Annotated codes are a great place to start your research. They combine statutory language with citations to cases, regulations, secondary sources, and other relevant statutes. This can quickly connect you to the most relevant cases related to a particular law. Unannotated Codes provide only the text of the statute without editorial additions. Unannotated codes, however, are more often considered official and used for citation purposes.

Running Time: 4 minutes.
 

For a deep dive on federal and state statutes, visit:

Want to learn more about the history or legislative intent of a law?  Learn how to get started here:

Regulations

Regulations are rules made by executive departments and agencies. Not every legal question will require you to search regulations. However, many areas of law are affected by regulations. So make sure not to skip this step if they are relevant to your question.

Running Time: 3 minutes, 48 seconds.
 

To learn more about working with regulations, visit:

Case Basics

In many areas, finding relevant caselaw will comprise a significant part of your research. This Is particularly true in legal areas that rely heavily on common law principles.

 

Running Time: 3 minutes, 10 seconds.

Unpublished Cases

Up to  86% of federal case opinions are unpublished. You must determine whether your jurisdiction will consider these unpublished cases as persuasive authority. The Federal Rules of Appellate Procedure have an overarching rule, Rule 32.1  Each circuit also has local rules regarding citations to unpublished opinions. You must understand both the Federal Rule and the rule in your jurisdiction.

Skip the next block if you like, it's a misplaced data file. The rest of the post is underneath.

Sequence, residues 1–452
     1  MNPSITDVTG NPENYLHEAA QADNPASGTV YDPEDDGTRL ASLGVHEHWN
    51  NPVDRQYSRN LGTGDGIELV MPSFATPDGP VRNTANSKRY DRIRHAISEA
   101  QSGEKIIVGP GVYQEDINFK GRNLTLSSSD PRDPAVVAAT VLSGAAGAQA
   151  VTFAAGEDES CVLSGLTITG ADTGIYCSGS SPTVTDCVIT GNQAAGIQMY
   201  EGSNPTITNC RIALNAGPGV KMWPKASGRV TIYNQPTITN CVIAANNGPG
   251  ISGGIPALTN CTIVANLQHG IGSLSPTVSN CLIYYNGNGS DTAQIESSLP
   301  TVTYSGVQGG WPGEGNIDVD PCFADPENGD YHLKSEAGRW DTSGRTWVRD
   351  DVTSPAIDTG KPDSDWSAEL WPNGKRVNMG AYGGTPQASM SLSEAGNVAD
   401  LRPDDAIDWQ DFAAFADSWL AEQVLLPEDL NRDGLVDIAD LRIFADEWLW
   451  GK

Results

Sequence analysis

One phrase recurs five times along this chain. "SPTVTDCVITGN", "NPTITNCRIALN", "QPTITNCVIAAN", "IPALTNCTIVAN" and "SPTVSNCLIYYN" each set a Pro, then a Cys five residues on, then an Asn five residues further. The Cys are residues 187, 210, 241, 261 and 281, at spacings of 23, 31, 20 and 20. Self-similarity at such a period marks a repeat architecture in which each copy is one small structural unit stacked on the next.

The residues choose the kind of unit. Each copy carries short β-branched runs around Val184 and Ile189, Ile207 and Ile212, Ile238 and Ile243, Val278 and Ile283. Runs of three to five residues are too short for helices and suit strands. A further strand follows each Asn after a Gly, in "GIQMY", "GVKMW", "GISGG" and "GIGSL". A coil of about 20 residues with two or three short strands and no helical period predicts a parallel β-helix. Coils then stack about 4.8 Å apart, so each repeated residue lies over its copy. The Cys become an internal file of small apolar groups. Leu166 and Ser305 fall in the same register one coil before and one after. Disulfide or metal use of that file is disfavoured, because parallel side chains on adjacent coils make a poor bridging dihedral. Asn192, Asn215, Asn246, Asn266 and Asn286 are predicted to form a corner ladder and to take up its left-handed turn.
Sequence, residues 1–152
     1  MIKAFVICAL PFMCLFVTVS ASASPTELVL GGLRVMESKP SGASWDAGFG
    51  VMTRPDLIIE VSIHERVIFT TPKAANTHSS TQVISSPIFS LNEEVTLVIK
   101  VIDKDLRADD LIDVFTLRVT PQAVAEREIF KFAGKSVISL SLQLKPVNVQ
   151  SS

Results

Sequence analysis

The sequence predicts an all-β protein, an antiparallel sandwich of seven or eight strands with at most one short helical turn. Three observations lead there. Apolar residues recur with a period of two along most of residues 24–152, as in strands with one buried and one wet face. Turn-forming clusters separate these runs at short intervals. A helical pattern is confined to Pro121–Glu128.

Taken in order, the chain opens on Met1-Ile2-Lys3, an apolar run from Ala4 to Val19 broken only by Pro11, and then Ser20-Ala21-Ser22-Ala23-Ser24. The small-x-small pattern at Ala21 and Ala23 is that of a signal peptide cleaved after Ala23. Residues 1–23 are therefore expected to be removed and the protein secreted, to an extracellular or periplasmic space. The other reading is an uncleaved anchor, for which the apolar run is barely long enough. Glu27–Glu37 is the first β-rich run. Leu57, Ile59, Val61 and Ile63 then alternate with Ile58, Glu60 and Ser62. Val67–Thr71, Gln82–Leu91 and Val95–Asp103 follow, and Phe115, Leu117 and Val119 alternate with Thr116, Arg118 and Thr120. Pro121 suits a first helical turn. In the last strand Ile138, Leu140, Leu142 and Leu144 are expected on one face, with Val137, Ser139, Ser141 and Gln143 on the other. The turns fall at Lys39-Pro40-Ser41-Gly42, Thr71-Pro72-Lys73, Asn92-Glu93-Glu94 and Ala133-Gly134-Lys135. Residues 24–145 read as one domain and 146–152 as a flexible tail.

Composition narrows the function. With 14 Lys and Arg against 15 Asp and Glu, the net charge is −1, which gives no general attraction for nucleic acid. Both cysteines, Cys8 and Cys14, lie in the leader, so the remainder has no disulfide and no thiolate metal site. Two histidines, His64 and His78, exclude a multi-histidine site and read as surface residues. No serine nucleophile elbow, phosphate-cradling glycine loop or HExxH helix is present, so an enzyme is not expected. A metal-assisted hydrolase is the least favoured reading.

Each state also has its own local rules which can often be accessed through:

Finding Cases

You can browse and search for case law by subject, citation, or using keywords.  To maximize your time, identify important cases using a secondary source.
Headnotes
Image of a Headnote in a Print Reporter

Headnotes show the key legal points in a case. Legal databases use these headnotes to guide researchers to other cases on the same topic. They also use them to organize concepts explored in cases by subject. Publishers, like Westlaw and Lexis, create headnotes, so they are not consistent across databases.

 

Digests

Headnotes are organized by subject into an outline that allows you to search by subject. This outline is known as a "digest of cases." By browsing or searching the digest you can retrieve all headnotes covering a particular topic. This can help you identify particularly important cases on the relevant subject.

Running Time: 4 minutes, 43 seconds.

 

Each major legal database has its own digest:

Start by identifying a relevant topic in a digest.  Then you can limit those results to your jurisdiction for more relevant results.  Sometimes, you can keyword search within only the results on your topic in your jurisdiction.  This is a particularly powerful research method.

 

One Good Case Method